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Dialogue as a means to inaction

At the beginning of the 1980’s in the United States, the calls from campaigners and social and environmental activists to regulate business action and for companies to adopt responsible business practice became louder and louder. To counteract these calls, industries in the US needed a new way of dealing with this, to protect their interests, guard against offensive government regulation, and neutralise the criticisms coming from various corners of the society.

As a result, companies joined in on the “ethical communication” bandwagon that was beginning to take hold at the time. Instead of fighting against ethical communication and openly promoting their profit-based interests, large companies realised they could be the champions of ethical communication. They could see their critics not as adversaries, but as partners, who needed to be brought to the table to bring about resolution to the problems they pointed out. Instead of fighting opposition, they could just swallow them up.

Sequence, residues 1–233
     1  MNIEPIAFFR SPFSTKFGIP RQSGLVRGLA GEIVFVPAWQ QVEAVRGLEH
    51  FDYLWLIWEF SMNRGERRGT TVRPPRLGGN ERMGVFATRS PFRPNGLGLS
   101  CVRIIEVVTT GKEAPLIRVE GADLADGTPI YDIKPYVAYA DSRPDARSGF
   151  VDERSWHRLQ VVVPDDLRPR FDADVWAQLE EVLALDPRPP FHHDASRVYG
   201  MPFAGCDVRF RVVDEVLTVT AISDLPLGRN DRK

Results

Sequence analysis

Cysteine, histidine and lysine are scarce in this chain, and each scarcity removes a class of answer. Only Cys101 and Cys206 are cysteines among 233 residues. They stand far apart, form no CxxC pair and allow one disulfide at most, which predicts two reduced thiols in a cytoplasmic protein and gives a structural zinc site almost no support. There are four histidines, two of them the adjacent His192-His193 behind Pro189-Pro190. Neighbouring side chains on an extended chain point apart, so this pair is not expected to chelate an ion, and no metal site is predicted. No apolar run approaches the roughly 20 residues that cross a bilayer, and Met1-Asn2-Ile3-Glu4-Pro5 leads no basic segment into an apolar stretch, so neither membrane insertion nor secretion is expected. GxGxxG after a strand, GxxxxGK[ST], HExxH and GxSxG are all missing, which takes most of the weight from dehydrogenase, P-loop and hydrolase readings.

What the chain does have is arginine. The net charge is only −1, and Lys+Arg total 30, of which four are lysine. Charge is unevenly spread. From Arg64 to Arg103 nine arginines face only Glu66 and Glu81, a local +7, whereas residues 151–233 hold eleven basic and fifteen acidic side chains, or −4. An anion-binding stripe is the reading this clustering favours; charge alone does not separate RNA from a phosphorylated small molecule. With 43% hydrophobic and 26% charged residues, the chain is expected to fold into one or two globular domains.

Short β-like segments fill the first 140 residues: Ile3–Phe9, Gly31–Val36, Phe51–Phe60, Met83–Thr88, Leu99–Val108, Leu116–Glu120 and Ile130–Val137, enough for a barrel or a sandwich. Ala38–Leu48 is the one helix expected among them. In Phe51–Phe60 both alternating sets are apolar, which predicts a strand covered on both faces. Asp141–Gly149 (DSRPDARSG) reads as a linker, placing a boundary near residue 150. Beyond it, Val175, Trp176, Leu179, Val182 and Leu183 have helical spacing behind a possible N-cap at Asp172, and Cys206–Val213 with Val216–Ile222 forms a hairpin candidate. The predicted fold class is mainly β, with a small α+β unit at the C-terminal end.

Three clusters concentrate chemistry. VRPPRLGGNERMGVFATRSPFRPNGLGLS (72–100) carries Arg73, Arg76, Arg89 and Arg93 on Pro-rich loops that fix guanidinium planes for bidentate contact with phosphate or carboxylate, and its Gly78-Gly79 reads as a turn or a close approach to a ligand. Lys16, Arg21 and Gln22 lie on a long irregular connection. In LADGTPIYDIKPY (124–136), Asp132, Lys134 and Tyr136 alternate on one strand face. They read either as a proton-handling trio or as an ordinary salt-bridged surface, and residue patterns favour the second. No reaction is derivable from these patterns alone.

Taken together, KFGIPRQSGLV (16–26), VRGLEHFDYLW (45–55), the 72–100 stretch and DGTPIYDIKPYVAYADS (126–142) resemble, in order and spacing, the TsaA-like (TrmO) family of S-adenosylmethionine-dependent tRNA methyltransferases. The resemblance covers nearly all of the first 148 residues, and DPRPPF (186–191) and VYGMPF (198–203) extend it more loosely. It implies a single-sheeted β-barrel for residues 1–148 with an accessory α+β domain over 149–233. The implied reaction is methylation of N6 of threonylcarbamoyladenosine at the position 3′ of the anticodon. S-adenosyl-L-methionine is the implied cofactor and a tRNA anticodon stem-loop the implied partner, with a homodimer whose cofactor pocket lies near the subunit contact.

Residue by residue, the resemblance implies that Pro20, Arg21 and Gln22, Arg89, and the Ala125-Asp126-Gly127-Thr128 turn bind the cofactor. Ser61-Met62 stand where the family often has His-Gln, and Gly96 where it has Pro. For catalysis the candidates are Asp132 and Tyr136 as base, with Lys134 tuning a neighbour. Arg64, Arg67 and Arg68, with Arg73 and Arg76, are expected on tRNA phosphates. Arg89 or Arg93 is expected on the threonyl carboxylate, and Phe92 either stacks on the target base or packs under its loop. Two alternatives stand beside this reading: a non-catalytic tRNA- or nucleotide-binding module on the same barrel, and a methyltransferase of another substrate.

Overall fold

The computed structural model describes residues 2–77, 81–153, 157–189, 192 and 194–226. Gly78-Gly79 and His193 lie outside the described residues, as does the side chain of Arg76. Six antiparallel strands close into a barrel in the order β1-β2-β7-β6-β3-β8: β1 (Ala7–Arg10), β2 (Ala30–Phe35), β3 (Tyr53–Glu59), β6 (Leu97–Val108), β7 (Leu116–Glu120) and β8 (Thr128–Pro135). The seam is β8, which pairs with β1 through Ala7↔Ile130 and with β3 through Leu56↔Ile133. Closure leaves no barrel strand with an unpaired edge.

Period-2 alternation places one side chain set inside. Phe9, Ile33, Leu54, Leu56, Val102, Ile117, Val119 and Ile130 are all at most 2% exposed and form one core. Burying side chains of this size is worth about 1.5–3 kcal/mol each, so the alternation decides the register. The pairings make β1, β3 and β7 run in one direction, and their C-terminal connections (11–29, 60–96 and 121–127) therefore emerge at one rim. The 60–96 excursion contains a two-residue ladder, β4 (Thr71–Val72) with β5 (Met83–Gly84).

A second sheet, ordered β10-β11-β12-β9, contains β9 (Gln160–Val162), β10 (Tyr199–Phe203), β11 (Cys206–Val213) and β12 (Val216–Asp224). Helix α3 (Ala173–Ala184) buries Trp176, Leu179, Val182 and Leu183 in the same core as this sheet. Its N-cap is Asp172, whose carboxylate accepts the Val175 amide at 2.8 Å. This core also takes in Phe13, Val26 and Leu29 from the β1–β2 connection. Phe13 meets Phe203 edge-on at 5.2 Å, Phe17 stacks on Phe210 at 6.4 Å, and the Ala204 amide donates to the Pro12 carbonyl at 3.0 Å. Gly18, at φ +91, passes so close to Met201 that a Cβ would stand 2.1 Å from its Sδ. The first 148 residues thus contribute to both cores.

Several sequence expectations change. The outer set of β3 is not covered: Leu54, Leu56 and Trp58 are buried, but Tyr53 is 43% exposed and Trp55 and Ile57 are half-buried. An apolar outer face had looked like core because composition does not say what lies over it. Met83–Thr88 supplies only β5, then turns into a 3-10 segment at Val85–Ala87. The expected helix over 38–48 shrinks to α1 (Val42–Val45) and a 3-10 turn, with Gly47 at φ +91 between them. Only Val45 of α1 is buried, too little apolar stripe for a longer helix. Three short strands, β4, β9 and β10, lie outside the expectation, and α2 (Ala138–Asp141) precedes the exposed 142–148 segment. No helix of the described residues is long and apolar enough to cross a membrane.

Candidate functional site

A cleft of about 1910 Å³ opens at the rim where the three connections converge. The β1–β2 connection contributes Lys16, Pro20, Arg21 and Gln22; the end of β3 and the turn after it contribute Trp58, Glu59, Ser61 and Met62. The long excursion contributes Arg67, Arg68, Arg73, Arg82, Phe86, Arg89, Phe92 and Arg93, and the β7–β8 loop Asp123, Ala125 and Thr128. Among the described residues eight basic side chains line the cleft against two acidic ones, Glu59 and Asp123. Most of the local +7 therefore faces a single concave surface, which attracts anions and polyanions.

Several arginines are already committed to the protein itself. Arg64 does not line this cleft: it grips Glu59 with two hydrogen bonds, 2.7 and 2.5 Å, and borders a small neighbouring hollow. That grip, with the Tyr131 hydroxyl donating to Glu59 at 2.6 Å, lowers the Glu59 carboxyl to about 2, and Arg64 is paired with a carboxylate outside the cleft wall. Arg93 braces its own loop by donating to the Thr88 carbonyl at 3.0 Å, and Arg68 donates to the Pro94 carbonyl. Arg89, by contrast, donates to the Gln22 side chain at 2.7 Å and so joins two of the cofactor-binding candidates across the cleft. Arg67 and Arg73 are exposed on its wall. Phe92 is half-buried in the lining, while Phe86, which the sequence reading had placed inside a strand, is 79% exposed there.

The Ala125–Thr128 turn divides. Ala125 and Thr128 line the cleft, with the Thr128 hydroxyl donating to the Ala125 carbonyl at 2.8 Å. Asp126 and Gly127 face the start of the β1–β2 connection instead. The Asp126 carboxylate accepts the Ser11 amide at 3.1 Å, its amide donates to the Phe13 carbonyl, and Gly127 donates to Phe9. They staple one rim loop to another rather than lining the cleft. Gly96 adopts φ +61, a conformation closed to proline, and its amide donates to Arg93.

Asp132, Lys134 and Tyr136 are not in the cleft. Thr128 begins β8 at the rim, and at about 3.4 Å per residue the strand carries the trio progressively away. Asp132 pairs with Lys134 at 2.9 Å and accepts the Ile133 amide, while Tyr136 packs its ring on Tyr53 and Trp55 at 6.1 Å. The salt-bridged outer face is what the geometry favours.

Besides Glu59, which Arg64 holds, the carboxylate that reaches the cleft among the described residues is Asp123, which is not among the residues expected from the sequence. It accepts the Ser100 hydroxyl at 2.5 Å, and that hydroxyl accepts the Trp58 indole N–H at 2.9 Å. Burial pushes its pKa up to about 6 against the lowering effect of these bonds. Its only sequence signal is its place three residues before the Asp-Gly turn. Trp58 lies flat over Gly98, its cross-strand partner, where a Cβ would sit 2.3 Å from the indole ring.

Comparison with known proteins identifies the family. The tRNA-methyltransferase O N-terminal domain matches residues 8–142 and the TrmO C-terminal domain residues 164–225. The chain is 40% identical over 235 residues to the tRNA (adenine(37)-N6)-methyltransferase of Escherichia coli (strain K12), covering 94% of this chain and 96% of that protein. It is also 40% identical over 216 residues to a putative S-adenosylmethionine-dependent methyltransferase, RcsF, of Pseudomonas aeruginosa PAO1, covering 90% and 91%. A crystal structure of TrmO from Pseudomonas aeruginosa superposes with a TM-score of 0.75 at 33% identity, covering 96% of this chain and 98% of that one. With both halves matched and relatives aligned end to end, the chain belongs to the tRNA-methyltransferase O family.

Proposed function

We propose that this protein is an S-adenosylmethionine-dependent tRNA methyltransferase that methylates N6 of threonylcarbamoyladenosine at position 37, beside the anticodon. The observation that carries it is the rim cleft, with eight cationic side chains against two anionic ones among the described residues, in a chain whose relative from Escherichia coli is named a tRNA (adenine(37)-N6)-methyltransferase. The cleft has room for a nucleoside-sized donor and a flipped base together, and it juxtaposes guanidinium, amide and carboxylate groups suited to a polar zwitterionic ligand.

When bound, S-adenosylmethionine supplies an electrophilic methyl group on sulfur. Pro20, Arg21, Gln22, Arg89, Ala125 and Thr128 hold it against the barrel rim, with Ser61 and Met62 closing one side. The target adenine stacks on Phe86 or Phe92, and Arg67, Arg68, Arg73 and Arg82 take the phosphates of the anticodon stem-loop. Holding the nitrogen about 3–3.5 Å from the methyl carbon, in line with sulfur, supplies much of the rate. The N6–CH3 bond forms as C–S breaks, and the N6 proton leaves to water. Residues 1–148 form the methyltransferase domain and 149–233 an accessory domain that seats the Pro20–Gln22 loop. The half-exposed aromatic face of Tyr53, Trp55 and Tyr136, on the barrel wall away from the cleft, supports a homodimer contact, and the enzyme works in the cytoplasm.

What this actually meant was that dialogues needed to be had, so that the companies could convince the critics that the position of business and industry was just, fair, socially motivated, and had everyone’s best interests at heart. They knew that they had to identify the realists amongst the critics, and talk with them to bring about solutions. Jean-Claude Buffle writes, in Dossier N… Comme Nestlé, “for them (the business), dialogue was not a way to open oneself up to the other, it was a strategy, another method to wage their war.” The goal of these discussions was not to exchange or negotiate, but to “convince people of their (business) point of view and motivate them to act for the company’s interests.”

In his book detailing the genealogy of authoritarian liberalism, Grégoire Chamayou notes six different virtues of dialogue as a strategy to maintain and guard power (p. 129-130). These are:

  1. Intelligence-gathering: having a dialogue with opposants means that companies can figure out potential problems before they reach the public arena and cause harm to the company’s image in the public eye. Companies can understand how the campaigners think, what’s on their minds, and what their future projects might be.

  2. Pre-emptive blocking: in the 1980’s, Nestlé released, without being asked to, a series of pamphlets detailing the rules of conduct for activists. These included always contacting the company directly before any other action. This approach meant that government, media, and the general public would not get a chance to hear the complaints, and everything could be resolved in private. Activists are therefore restrained of their primary force: public opinion and support.